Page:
[llvm-dev] llvm.memcpy for struct copy
ma jun via llvm-dev
llvm-dev at lists.llvm.org
Thu Feb 1 05:25:37 PST 2018
tks a lot, that makes much more clear!
2018-02-01 18:03 GMT+08:00 David Chisnall <David.Chisnall at cl.cam.ac.uk>:
> On 31 Jan 2018, at 17:36, Jakub (Kuba) Kuderski via llvm-dev <
> llvm-dev at lists.llvm.org> wrote:
> > If you want to get rid of memcpy altogether, you can take a look at this
> pass: https://github.com/seahorn/seahorn/blob/master/lib/
> Transforms/Scalar/PromoteMemcpy.cc .
> There are at least four different places in LLVM where memcpy intrinsics
> are expanded to either sequences of instructions or calls:
> - InstCombine does it for very small memcpys (with a broken heuristic).
> - PromoteMemCpy does it mostly to expose other optimisation opportunities.
> - SelectionDAG does it (though in a pretty terrible way, because it can’t
> create new basic blocks and so can’t emit small loops)
> - Some back ends do it in cooperation with SelectionDAG to provide their
> own implementation.
> Whether you want a memcpy intrinsic or a sequence of loads and stores
> depends a little bit on what optimisation you’re doing next - some work
> better treating individual fields separately, some prefer to have a blob of
> memory that they can treat as a single entity.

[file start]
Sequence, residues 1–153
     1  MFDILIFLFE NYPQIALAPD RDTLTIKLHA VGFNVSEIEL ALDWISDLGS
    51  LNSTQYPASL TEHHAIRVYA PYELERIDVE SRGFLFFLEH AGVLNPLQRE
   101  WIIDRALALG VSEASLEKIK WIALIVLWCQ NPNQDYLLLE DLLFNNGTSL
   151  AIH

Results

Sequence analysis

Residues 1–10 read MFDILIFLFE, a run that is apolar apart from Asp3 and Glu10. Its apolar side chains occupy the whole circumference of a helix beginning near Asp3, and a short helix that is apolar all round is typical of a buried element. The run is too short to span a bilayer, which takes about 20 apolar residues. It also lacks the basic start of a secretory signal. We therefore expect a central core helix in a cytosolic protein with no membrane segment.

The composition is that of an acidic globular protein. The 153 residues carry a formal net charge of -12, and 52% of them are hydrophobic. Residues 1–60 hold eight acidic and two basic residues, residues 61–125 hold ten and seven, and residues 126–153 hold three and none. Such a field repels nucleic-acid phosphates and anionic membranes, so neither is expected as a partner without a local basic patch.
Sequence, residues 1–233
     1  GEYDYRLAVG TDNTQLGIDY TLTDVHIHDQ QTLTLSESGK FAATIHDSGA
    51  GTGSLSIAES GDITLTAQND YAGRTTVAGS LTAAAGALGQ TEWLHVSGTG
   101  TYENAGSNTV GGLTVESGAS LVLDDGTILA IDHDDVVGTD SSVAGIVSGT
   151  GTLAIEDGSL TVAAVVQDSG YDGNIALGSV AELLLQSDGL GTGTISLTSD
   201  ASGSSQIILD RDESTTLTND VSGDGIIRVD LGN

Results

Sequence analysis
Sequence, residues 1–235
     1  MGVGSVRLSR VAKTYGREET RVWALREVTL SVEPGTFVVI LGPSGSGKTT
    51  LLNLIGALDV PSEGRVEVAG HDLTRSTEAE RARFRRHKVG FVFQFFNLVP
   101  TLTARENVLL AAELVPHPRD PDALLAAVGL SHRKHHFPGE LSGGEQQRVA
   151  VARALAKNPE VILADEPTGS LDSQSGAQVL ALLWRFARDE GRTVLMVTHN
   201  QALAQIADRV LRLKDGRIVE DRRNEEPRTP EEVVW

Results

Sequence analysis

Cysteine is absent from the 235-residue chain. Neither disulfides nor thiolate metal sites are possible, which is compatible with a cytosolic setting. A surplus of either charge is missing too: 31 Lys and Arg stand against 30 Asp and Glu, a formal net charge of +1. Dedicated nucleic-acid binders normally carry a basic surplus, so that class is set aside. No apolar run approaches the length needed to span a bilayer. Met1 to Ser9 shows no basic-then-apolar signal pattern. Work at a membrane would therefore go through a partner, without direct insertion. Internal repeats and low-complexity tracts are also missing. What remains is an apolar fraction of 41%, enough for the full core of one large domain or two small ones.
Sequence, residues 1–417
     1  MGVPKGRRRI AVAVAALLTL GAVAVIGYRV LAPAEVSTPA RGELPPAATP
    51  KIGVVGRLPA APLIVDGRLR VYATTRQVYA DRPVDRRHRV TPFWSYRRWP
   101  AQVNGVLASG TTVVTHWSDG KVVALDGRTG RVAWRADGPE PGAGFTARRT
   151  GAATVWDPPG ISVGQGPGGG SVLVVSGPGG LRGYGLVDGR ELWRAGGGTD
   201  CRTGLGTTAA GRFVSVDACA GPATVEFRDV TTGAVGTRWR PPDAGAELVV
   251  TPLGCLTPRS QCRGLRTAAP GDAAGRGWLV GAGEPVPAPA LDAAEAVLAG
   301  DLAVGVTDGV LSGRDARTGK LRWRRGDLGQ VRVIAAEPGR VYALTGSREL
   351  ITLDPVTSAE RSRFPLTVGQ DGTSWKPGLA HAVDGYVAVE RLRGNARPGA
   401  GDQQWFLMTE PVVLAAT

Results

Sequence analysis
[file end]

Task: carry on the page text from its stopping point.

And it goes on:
> It’s also worth noting that LLVM’s handling of padding in structure fields
> is particularly bad. LLVM IR has two kinds of struct: packed an
> non-packed. The documentation doesn’t make it clear whether non-packed
> structs have padding at the end (and clang assumes that it doesn’t, some of
> the time). Non-padded structs do have padding in between fields for
> alignment. When lowering from C (or a language needing to support a C
> ABI), you sometimes end up with padding fields inserted by the front end.
> Optimisers have no way of distinguishing these fields from non-padding
> fields and so we only get rid of them if SROA extracts them and finds that
> they have no side-effect-free consumers. In contrast, the padding between
> fields in non-packed structs disappears as soon as SROA runs. This can
> lead to violations of C semantics, where padding fields should not change
> (because C defines bitwise comparisons on structs using memcmp). This can
> lead to subtly different behaviour in C code depending on the target ABI
> (we’ve seen cases where trailing padding is copied in one ABI but not in
> another, depending solely on pointer size).
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